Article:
Thanks to many people who have written in asking whether today's Google announcement of a new China-based wave of attacks on Gmail accounts is related to the takeover of my wife's Gmail account just after we spent two months in China this spring. As the official Google announcement says:
>>[W]e recently uncovered a campaign to collect user passwords, likely through phishing. This campaign, which appears to originate from Jinan, China, affected what seem to be the personal Gmail accounts of hundreds of users including, among others, senior U.S. government officials, Chinese political activists, officials in several Asian countries (predominantly South Korea), military personnel and journalists.
The goal of this effort seems to have been to monitor the contents of these users' emails, with the perpetrators apparently using stolen passwords to change peoples' forwarding and delegation settings. (Gmail enables you to forward your emails automatically, as well as grant others access to your account.)<<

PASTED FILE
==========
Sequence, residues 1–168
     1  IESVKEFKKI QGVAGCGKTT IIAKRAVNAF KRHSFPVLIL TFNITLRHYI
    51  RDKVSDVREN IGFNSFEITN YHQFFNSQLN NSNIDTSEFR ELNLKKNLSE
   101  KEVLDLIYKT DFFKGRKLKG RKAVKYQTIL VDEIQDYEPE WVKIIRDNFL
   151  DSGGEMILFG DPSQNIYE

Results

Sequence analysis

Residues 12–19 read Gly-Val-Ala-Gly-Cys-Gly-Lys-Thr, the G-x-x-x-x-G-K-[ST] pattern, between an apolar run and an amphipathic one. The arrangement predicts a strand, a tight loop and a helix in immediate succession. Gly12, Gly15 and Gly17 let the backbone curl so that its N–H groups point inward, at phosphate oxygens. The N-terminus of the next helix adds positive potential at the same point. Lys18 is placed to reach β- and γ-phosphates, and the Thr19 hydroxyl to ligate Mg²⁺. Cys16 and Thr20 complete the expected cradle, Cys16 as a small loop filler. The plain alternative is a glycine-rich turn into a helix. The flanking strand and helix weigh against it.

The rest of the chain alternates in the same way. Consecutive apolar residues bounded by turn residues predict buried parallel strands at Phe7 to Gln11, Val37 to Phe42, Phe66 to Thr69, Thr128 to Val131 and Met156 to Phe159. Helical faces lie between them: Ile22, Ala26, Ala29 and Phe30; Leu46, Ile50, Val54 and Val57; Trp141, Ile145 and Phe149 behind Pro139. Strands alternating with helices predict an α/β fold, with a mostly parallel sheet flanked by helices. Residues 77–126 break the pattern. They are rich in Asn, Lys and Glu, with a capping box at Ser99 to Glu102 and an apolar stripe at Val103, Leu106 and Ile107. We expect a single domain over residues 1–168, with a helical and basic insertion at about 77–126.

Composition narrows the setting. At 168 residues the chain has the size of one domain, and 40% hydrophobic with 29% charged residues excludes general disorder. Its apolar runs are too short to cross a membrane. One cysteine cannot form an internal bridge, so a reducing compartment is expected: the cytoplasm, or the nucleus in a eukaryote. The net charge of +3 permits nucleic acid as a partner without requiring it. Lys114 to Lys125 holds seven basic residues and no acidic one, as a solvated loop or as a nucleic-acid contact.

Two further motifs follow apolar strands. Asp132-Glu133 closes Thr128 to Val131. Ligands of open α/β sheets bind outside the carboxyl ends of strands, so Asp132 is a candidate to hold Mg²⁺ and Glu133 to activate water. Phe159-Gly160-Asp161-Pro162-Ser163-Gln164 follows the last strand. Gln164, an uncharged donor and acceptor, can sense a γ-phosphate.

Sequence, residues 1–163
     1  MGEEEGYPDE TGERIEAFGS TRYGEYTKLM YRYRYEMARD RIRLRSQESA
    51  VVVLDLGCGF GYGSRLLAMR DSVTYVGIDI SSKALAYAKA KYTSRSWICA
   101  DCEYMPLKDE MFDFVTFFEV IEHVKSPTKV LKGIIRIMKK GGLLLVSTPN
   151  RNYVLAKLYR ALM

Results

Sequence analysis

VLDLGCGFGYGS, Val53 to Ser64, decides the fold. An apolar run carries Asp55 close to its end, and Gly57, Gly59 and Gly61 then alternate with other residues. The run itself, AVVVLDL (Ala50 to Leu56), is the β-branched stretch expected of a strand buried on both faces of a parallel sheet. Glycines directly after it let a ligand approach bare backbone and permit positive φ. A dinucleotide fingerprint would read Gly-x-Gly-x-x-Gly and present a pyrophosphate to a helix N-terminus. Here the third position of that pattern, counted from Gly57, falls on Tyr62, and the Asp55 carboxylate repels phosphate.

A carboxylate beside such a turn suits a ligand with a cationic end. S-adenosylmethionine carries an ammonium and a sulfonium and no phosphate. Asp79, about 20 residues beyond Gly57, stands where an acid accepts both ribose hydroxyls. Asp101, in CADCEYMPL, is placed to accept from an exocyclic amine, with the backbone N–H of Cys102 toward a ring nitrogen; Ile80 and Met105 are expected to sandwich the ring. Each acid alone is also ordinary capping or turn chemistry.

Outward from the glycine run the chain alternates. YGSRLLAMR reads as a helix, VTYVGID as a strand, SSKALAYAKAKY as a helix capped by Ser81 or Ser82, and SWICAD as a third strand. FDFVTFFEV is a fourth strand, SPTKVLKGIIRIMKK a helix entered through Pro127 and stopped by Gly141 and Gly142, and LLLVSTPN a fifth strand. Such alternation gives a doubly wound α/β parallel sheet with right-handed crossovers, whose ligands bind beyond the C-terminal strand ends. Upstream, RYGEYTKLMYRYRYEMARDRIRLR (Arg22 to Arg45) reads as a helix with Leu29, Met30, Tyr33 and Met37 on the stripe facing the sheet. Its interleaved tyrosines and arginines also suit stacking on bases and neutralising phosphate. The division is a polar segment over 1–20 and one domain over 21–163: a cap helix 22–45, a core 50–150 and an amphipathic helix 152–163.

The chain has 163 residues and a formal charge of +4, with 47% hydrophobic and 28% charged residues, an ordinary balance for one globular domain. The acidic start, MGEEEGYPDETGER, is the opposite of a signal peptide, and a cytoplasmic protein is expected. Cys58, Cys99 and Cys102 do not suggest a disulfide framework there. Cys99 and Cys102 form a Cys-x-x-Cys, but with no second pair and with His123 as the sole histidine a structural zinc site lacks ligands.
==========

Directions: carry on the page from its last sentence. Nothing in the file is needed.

The short answer is: I can't yet know for sure, but I *think* that what happened to my wife was a case of "regular," small-stakes criminal hacking, to trick people to send in money, rather than anything more exotic or political. But I will say more about the whole situation of online email security, including the political and international aspects, in an upcoming article. On the other hand, some traits of what happened to my wife's account are similar to what the latest Gmail announcement warns about. For instance, redirecting all incoming mainly to a similar-looking but different account controlled by the hacker. And, hey, it's China!
Here is what I can be sure of: in case you haven't done so before, and in case your eyeballs skidded past my previous two zillion entreaties on this topic, if you use Gmail please install Google's relatively new, free "two-factor" authentication service. It reduces practically to zero the chance that anyone could control your account remotely, which in turn vastly increases your protection against attacks like these. Here are Google's official instructions, plus an earlier nag by me, Google has been fairly careful to "blame the hacker," rather than blaming the victims, in these episodes. But the truth is you'll blame yourself if you don't apply the two-step process and some day later get hacked.